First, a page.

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ďALLIGATOR ALICEĒ has returned to the Wright Museum for good after five months of being rebuilt and a short trip back to the shop to replace a gas tank. Here Wright Executive Director Norman Stevens assumes the commander position at the top of the tank as it takes a spin around the parking lot prior to returning to the museum garage on Nov. 13. (Thomas Beeler photo) (click for larger version)
December 01, 2011
WOLFEBORO — The Wright Museum's M4 Sherman tank is now fully operational, following a short trip back to the shop to get a gas tank replaced.

The tank, named "Alligator Alice" in honor of museum founder David Wright's grandmother, is one of the few Sherman tanks still operational today. The Sherman medium tank was the main battle tank in WWII and more than 49,000 were produced.

The Wright's Sherman had languished for years in the museum's garage until it was sent off last May 20 to Northeast Military Vehicle Services in Milford, Mass. for rebuilding. The rebuilt 35 ton tank, painted with the markings identifying it as a member of Company A, 743rd Tank Battalion assigned to the 30th Infantry Division in Europe, was returned to the Museum on Oct. 19.

The tank's Continental R-975 nine-cylinder radial engine did not run well after delivery. Suspicion fell on the gasoline tank, where gasoline had been sloshing around during the trip up to the museum, stirring up decades of residue. Northeast Military Vehicle Services personnel returned on Nov. 13 and tried flushing the gas tank and replacing the fuel filter, with limited success. In the end the only thing to do was to replace the original gas tank with a rebuilt one back in Milford and that did the trick.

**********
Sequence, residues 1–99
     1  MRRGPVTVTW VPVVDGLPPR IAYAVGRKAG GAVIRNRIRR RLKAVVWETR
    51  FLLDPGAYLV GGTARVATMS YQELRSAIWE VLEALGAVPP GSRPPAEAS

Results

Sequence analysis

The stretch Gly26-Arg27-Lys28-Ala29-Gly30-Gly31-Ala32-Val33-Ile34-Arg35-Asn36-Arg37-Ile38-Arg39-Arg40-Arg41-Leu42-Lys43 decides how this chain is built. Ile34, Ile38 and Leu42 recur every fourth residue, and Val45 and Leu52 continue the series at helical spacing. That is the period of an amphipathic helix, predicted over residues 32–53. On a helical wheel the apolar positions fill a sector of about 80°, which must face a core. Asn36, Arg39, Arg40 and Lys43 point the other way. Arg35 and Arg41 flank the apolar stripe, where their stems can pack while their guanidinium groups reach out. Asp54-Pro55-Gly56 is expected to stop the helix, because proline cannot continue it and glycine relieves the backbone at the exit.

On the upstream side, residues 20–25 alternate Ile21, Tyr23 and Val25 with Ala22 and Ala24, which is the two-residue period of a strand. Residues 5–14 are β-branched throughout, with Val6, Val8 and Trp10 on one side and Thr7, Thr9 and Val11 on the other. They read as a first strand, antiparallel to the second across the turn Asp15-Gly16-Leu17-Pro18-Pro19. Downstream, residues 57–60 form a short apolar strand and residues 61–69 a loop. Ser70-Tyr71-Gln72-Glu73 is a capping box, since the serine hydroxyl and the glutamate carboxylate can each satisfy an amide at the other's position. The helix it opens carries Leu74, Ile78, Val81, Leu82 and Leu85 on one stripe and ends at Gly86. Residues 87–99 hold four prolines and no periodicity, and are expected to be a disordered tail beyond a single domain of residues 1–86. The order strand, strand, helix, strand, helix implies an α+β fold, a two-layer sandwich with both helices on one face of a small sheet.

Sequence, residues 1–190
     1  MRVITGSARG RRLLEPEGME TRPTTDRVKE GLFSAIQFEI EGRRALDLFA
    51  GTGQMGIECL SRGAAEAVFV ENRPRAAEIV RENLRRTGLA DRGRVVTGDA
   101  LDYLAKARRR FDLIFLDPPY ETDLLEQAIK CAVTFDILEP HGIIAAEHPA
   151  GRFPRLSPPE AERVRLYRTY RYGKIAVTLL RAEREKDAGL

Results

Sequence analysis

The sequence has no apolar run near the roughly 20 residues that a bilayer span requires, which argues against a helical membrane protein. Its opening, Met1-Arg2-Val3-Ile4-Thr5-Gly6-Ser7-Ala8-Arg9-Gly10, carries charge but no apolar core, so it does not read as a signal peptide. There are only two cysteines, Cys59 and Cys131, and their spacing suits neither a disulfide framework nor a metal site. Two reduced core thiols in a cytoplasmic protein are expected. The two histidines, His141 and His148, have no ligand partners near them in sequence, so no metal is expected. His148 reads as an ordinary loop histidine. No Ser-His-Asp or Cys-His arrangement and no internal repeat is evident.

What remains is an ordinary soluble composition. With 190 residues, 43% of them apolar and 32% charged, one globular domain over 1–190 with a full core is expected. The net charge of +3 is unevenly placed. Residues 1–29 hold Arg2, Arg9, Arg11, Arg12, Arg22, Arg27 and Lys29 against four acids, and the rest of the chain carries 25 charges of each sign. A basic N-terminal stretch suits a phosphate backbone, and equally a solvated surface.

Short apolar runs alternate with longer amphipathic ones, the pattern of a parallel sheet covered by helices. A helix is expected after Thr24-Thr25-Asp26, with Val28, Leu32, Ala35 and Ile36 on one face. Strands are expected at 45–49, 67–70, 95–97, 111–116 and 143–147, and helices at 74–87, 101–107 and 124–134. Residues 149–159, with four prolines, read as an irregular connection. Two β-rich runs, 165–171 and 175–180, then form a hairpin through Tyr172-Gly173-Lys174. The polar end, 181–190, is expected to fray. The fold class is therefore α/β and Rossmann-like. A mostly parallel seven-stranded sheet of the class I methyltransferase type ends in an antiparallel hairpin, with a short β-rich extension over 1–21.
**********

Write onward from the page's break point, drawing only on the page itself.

"The tank runs fine now," says Executive Director Norman Stevens.

The museum also has an operational M26 Pershing heavy tank, which was introduced at the end of WWII and used extensively in the Korean War, and a semi-operational M3 Stuart light tank, which saw heavy fighting on Pacific islands during WWII.

Right now the main exhibit hall is being cleared in preparation for the annual Festival of Trees, which is scheduled to open with a Preview Gala on Thursday, Dec. 8. The Festival open officially on Saturday, Dec. 10 and runs through Sunday, Dec. 18. Once the Festival is over and the exhibit hall cleared, Stevens plans to set up an armor exhibit, which will showcase the rebuilt Sherman tank along with the Pershing and Stuart tanks and the museum's armored car.

The armor exhibit is only one of several new exhibits planned for the museum's reopening in spring 2012. The museum has had for some time several roughed-out office and work spaces on the second floor adjacent to the large meeting room, and these are now being finished. The main room will allow Collections Coordinator Michelle Landry to "stage" or set up exhibits in a secure space instead of trying to work in the museum's main exhibit spaces during off hours. This will help increase the rate at which new exhibits can be put together.

According to Stevens the first new exhibit to be completed will be on the Navy in WWII.

In addition to putting the tanks on display, Stevens says the museum hopes to bring them out periodically to show off their mobile capabilities around the museum's property, which includes wooded areas as well as the parking lots.

"These vehicles were meant to move," Steven says. "We'd like to be able to show visitors just what they are capable of doing."

Martin Lord Osman
Salmon Press
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